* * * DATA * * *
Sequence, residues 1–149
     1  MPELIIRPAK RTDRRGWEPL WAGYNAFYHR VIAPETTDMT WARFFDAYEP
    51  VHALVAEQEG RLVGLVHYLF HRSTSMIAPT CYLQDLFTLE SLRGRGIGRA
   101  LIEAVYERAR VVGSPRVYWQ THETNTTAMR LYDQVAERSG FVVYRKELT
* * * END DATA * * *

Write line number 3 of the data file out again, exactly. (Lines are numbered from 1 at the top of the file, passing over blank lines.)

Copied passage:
    51  VHALVAEQEG RLVGLVHYLF HRSTSMIAPT CYLQDLFTLE SLRGRGIGRA